|Jesse Davey - 'A Soundtrack To The Movie That Wasn't There' (Credible Records)|
|Written by Andy P|
|Saturday, 14 July 2012 04:01|
I first heard Jesse Davey back in 1995, a friend of mine had migrated to the city of Bath to begin a degree in art. I, on the other hand, stayed put and pursued playing guitar in a band. And every few months I'd visit my friend. It was on such a sojourn to Bath that he told me of a band called The Hoax and their guitarist Jesse Davey. I heard a tape and, being a Stevie Ray Vaughan fan, immediately liked what I heard.
I never saw them live or heard more than the tracks my friend played me. And so that was that. Then maybe 10 years later when I got into computer animation I was Googling and YouTubing around for film making, animation tips I once again stumbled upon Jesse Davey in the form of a video called 'Making an Omelette'. OK so he's a great guitarist and he directs videos...oh good god...and he's got another band on the go - The Davey Brothers - and they're good.
Fast forward another 6 years to the present. So I'm minding my own business watching Mad Men and my brother calls on the phone. During the conversation he starts taking about a guitarist who designed these vintage fuzz pedals, pickups, tone switch and has also directed videos. He can't remember the name but I just know he's taking about Jesse Davey.
So I go online that night and find out that indeed it's Jesse and he's got an album out called 'A Soundtrack To The Movie That Wasn't There' I like the title, it reminds me of 'The Curious Incident Of The Dog In The Night-Time'. So I preview three of the tracks......and buy the album immediately.
Now this is uncharacteristic of me. You see, when it comes to buying anything I'm a sloth. I pontificate, collect information, pontificate some more, wait some months, then just maybe I'll purchase. So with my sloth claws I pressed the buy it now button for the physical CD (yeah I'm a bit old fashioned that way). Though buying the CD also affords an album download as well, in a variety of formats. So while I wait for the tactile musical disc to arrive I have 12 downloaded tracks lined up in iTunes ready to consume.
Did I mention this is an instrumental album, probably not? Never mind, sit back because the main feature is about to begin. Cue opening track 'Earthling' a great statement of intent, which starts off proceedings with a wonderful brassy James Bond like swagger and a kinda "Na Na Na" infectious melody. Now that's a Güiro-tastic opening salvo.
A jazzy double bass starts the sinister beginning to 'We Rob Banks' with some subtle dissonant chords before giving way to a gear-change-chase-sequence guitar, it's like starting off in a beat poet jazz club, being chased down the street, hiding out, then being chased all over again.
Track three 'Jellyfish' has that Black Crowes 'Gone' vibe with a Leslie speaker/roto guitar and a honking organ riff. I love the repeated b5 lick at 1:12 and the trumpet at the end. 'Lost In the Bad Lands' has a George Harrison feel to me, lots of slide and double-stop subtleties like an elegiac piece for a journey .
Samuel L Jackson could walk down the street accompanied to 'Autokiller's' sublime groove and killer melody. It has a great syncopated feel which ends with some cool guitar lines. Über cool. A triptych of styles infuse 'If Only' like a melancholy zombie film theme meets The Beatles meets James Bond on the outro.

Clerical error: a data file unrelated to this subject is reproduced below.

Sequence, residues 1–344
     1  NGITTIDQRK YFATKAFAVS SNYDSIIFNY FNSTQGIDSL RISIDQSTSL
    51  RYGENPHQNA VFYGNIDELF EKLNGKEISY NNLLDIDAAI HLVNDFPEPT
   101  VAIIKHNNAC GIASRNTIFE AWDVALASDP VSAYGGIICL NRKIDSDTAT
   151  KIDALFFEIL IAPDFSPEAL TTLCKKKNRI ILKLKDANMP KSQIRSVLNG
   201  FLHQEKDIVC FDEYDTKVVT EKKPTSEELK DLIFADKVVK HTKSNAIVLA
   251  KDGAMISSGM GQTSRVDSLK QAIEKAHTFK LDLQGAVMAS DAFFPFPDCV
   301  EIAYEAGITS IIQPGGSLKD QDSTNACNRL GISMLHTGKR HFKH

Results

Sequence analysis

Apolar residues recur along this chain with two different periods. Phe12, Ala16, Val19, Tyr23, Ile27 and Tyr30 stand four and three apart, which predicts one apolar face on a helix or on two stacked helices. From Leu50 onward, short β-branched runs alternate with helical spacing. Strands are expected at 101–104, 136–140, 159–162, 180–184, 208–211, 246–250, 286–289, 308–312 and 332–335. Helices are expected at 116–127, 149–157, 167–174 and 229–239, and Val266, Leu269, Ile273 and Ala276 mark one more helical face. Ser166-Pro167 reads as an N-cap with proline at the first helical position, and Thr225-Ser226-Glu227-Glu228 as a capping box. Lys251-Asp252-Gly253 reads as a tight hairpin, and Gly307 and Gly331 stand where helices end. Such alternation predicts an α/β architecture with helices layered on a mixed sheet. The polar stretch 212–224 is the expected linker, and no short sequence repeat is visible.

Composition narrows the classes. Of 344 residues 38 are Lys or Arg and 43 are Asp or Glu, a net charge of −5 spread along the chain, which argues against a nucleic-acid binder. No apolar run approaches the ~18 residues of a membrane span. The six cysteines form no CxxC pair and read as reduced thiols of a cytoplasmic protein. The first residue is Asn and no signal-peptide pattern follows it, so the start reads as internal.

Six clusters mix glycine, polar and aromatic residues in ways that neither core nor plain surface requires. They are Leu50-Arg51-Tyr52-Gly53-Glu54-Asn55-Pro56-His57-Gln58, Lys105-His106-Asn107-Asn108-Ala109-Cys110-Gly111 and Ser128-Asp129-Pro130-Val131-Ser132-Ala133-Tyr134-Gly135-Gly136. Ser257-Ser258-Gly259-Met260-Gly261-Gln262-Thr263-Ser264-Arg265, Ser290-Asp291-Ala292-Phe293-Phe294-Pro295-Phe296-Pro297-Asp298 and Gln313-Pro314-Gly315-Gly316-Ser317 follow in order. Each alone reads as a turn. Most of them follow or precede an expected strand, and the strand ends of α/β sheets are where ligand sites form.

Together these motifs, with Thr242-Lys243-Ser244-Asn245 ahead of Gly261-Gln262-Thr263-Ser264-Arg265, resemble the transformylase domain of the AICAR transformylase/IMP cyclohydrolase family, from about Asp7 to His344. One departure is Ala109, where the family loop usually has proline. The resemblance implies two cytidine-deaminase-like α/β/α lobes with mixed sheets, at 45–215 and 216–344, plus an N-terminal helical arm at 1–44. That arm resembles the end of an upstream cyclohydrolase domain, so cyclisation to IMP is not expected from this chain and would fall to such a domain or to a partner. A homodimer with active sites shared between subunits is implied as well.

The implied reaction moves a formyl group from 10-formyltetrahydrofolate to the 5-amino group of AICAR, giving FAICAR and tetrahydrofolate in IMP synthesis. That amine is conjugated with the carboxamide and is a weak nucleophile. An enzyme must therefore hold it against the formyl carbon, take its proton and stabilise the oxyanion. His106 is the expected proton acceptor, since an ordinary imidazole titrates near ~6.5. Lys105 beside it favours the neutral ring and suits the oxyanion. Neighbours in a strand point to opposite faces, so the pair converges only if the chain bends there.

'Kessel Run' in this case is not an 18 parsec route used by smugglers it's a 4 minute organ/guitar question and answer groove. For some reason I could picture Tom Waits singing on 'Did You Bring The Gun' if it had vocals. It's like something out of a Sergio Leone Spaghetti Western.
'Bulldog' has that David Holmes/Ennio Morricone 12 bar vibe going on with some real tasty blues licks to boot, think Stevie Ray Vaughan and BB King. Then it's off to Russia for 'Mindless Me' with a conspiratorial feel, morphing into a wha-wha'd 70's-Huggy-Bear-groove with a Bowie era Stevie Ray Vaughan soloing with a hint of chromatic jazziness in the lead. As they say on the Fast Show's Jazz Club.......[looking at camera] N i c e.
'Nothing Ever Was' is a meditative 6/8 Dark Side of the Moon era Pink Floydy track full of Gilmouresque chord structural goodness. The main slide guitar reminds me of Sonny Landreth, the outro has a gorgeous fat Strat tone and the Major 3rd to 4th bend (5:00 & 5:31) is just inspired. And finally 'This Is How It Ends' - no guitars - just drums and piano as the titles roll on the album.
So 'A Soundtrack To The Movie That Wasn't There' is exactly like it says in the title. This isn't a guitar solo album full of debauched fretboard histrionics. It's a well crafted soundtrack, a musical narrative with each track conjuring up cinematic images and the restraint in the guitar department is to be applauded. This is an album made by a musician/composer who happens to play guitar. Think David Holmes or Ennio Morricone with some tasty blues lines and you won't be far off the mark, it hasn't been off my iTurntable since getting it. The sloth doesn't need to pontificate this one, it's a keeper. Now that's a wrap.
To pick up your copy of 'A Soundtrack To The Movie That Wasn't There' - CLICK HERE